The Phantom Menace: Electrical Power and Classroom Technology

By Will Craig
Multimedia Systems Consultant
Elert & Associates

Overhead transparency projectors are not picky about electrical power. The same cannot be said about current digital projection technologies, sound reinforcement equipment, integrated control systems, codecs, and streaming servers. Losses to the U.S. economy from electrical power quality issues are estimated to be in the $15-$25 billion range. Even these numbers don’t include the whole story for educational institutions: intermittent problems, projector lamps being replaced too frequently, and equipment burning out long before it should.

A recent visit to a 1-year-old smart classroom installation at a Midwestern university highlighted the importance of electrical power issues. The facility was not on the main campus, and was out on the periphery of a metropolitan area. A large dividable auditorium (with seating for several hundred) was equipped with two ceiling-mounted projectors. Conduits ran from floor boxes in the front of each half of the front room to a control room in the back, and then to the projectors. Because of the distances involved, and the desire to simplify the connectivity issues involved in mobile podiums and floor boxes in a multi-purpose space, UTP (unshielded twisted pair; CAT-5/6) connectivity for audio, video, and control was designed.

The normal problems were identified and fixed during the shake-out period shortly after completion. There were several cases of defective equipment, faulty terminations, etc. Soon a new problem emerged. One of the projectors would suddenly freeze up in a mode that could not be accessed through the normal menu commands. Worst of all: it would do this right in the middle of a presentation or a class. To unfreeze the projector, the unit had to be manually unplugged and reconnected – a difficult proposition for the instructor when the projector is 18 feet in the air! Various troubleshooting was done by the vendor, including swapping the two projectors to see whether the problem moved with the projector. It did not. Both projectors were susceptible to the problem, but one more so than the other. No matter how many trips the vendor made to assess, troubleshoot, or correct the problem, there was no apparent solution.

A meeting was called with the university, the architect, the general contractor, the AV vendor, and the AV consultant all in attendance. Several interesting details were shared at the meeting:

A generator had been installed as part of the building project. This was no ordinary emergency generator, however. As part of the recent trend toward “distributed generation,” this generator is available to the local power utility to provide power, not only to the university facility, but also to the local grid. This brings in revenue for the university when in use. The generator had been turned on and off up to 15 times per day during the periods of greatest projector trouble.

The measured electrical voltage to the equipment rack varied by as much as 25 volts during a two-month period while a multi-meter was recording. The rack had voltage regulating equipment installed, but the projectors (on the same circuit) did not.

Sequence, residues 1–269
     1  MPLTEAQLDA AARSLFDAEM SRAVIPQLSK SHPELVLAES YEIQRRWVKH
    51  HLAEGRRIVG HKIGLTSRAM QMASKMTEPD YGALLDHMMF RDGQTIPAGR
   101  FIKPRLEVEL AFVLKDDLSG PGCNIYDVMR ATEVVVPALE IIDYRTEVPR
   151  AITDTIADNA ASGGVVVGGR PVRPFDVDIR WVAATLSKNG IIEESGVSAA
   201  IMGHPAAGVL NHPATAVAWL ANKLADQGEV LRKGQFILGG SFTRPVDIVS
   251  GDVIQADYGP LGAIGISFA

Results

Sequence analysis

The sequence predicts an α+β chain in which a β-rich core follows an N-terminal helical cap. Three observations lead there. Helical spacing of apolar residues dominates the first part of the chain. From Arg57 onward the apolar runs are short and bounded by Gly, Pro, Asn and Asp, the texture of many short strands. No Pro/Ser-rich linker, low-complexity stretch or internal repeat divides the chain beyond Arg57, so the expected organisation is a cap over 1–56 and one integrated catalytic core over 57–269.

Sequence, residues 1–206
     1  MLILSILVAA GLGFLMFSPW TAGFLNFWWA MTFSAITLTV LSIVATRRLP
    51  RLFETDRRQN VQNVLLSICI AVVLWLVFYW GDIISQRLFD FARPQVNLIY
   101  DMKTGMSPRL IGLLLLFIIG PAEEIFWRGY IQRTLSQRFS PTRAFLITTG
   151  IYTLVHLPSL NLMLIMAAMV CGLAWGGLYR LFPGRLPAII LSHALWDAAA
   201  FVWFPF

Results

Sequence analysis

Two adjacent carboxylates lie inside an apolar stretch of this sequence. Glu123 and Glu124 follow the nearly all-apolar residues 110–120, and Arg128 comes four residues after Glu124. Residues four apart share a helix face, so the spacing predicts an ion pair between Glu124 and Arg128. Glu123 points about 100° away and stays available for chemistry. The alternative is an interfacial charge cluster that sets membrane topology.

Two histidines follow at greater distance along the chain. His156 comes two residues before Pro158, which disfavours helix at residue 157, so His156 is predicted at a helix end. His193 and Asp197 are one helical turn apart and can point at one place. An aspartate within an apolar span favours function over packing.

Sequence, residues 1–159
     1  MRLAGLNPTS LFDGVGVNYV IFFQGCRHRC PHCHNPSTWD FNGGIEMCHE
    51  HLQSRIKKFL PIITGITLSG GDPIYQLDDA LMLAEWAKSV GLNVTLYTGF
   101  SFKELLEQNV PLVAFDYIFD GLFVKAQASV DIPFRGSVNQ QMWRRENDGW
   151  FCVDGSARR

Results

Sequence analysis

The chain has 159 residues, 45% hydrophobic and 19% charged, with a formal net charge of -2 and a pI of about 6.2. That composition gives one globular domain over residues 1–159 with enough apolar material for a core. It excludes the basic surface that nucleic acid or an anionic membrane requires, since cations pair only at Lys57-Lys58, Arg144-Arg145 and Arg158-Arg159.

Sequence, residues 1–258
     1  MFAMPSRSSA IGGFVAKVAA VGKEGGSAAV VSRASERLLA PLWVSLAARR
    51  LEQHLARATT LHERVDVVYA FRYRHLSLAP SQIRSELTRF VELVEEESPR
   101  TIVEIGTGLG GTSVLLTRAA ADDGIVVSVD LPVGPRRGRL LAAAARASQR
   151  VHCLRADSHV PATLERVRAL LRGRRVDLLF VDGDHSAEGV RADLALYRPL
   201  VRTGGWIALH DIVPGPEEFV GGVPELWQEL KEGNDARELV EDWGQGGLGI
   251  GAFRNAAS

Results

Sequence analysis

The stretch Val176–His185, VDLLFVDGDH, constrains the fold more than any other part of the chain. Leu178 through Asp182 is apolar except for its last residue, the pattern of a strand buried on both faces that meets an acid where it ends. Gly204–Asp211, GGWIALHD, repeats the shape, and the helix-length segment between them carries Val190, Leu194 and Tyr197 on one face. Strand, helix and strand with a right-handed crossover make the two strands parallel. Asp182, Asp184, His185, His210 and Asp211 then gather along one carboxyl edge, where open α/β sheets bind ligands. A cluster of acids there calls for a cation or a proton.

The floor boxes from which the UTP cables ran to the AV rack were rusty. Further investigation and removal of the UTP cabling found that the conduits underneath the slab-on-grade construction were filled with water. New AV UTP cabling was reinstalled to wall plates on the front wall.

After the UTP cabling was relocated to the wall plates, the intermittent problem has not recurred for two months and counting.

For good measure, a voltage regulation device was mounted above each projector (to the mounting pipe) to maintain constant voltage to each projector.

While it is not certain that the problem has been fully addressed, here are some smart classroom electrical power lessons I would pass along from this and other projects.

Lesson One: Use an extension cord when troubleshooting AV systems. Many projection image problems disappear when the source (document camera, PC, etc.) is connected to the same outlet as the projector. This can quickly place responsibility where it needs to go (AV consultant/contractor vs. electrical engineer/contractor) to get a vexing problem fixed quickly.

Lesson Two: Check to see what kind of electrical loads are on the same electrical service as your smart classroom equipment. Typically, 80% of power quality issues are generated within the building you are working in, so check whether intermittent problems are concurrent with other activities (generator start/stop, HVAC, large motors, etc.).

Lesson Three: UPS (Uninterruptible Power Supply) is not the solution for every problem. While it can provide a smooth supply of power to sensitive devices such as projectors, the size, cost, and battery replacement issues can make installing them everywhere prohibitive. Voltage regulators, such as those from APC and Furman, are much smaller, less expensive, and do not require the same degree of maintenance as do a UPS. For less than $100, a voltage regulator can be a cost-effective way to potentially extend projector- and lamp-life in difficult electrical environments.

Lesson Four: Make your needs clear to your electrical engineer and/or electrical contractor for building and renovation projects. Ground loops, differences in ground potential, and unbalanced power can be the bane of any high-tech teaching facility with networked classrooms.

Will Craig CTS-D, CSI is a multimedia systems consultant with Elert & Associates, a nationwide technology consulting firm specializing in working with higher education and K-12 clients.

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